Located in south central British Columbia, Canada, the Okanagan Valley is home to Westbank First Nation, one of seven First Nation communities within the Okanagan Nation. The Okanagan (syilx) traditional territories extend from the south central interior of B.C. to north central Washington State. The syilx, a division of the Interior Salish, speak the nsyilxcn language and have inhabited the valley for thousands of years.
Traditionally, Okanagans (syilx) occupied an area that extended over approximately 69,000 square kilometres. The northern area of this territory was close to the area of Mica Creek, just north of modern day Revelstoke, B.C., and the eastern boundary was Kootenay Lake. The southern boundary extended to Wilbur, Washington, and the western border extended into the Nicola Valley.
Westbank First Nation
Westbank First Nation (WFN) is proud to be on the leading edge of aboriginal people. On April 1, 2005, and after two decades of community consultation and negotiation, the WFN Self-Government Act came into effect. Westbank First Nation has implemented one of the most comprehensive sets of community laws in Canada that cover the development and regulation of reserve lands. All residents and businesses on reserve are subject to Westbank First Nation Laws.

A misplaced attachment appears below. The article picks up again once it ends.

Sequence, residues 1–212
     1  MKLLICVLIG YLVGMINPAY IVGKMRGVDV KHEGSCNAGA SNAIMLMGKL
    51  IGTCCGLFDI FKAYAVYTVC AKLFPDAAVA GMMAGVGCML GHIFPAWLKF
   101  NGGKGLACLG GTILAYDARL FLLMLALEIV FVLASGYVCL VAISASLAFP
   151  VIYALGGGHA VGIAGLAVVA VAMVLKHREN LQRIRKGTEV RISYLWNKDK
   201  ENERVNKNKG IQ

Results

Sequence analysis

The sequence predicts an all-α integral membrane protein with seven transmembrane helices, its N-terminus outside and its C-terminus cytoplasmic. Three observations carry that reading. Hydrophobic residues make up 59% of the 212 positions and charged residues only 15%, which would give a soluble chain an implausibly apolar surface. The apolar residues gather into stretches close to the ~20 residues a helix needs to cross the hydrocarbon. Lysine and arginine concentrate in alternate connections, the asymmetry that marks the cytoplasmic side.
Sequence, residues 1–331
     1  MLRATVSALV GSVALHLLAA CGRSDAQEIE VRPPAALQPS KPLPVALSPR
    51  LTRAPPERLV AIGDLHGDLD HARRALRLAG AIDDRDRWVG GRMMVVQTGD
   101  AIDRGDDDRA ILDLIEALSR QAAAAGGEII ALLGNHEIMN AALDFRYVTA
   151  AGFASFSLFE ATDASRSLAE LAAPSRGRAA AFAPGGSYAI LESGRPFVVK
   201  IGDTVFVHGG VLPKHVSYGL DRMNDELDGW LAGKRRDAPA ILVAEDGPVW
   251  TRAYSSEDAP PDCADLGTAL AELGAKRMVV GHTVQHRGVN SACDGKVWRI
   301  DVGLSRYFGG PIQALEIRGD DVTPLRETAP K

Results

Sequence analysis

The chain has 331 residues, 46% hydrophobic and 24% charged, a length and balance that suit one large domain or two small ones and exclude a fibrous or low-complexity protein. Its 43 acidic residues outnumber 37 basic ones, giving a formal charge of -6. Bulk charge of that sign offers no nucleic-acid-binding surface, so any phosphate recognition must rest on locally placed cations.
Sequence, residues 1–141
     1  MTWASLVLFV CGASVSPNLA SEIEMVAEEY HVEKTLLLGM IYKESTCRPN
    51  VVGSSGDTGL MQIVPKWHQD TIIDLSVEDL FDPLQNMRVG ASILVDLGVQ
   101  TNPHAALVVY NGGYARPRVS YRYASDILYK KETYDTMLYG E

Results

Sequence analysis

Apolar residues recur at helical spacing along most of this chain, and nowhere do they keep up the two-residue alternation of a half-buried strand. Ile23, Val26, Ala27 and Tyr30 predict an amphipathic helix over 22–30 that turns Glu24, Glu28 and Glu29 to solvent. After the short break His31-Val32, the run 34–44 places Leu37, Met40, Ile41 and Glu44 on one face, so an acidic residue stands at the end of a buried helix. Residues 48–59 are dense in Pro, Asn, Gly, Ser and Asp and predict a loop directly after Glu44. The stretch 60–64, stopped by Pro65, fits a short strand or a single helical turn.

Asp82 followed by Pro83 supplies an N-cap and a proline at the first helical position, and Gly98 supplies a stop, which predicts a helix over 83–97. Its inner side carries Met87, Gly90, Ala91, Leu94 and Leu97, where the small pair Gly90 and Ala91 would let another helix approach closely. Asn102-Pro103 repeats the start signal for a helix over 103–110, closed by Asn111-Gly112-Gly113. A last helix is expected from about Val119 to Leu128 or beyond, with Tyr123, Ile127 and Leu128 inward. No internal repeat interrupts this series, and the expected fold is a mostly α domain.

The Okanagan Valley is world renowned as a major travel destination. Mild climates combined with stunning scenery and world-class ski/golf/wine attractions create an abundance of activities for visitors. The WFN administration recognizes tourism as important to the economy and promotes tourism ventures on the reserves.
WFN and the Province are presently negotiating to move the area and AAC associated with WFN’s Woodlot into the Community Forest Agreement. WFN’s Woodlot was the first tenure that WFN acquired in 1986, under the BC Forest Act. Recently, it was determined that much of the Crown land portion of this Woodlot would become WFN lands in exchange for the WFN land lost to Highway Improvements on the west side of Okanagan Lake.
Woodlot 346 is located in the “Kootenay mix,” which is the B.C.’s eastern interior wet belt.
The Kootenay mix contains a wide range of tree species including:
white birch, and
Annual allowable woodlot cut: 1,750 cubic metres.
A portion of the woodlot was burned during the 2003 Okanagan Mountain Park wildfire, and the burned timber was salvage harvested in 2014.
Harvesting on the woodlot has been deferred since 2004 so as to address the mountain pine beetle outbreak within the WFN Community Forest.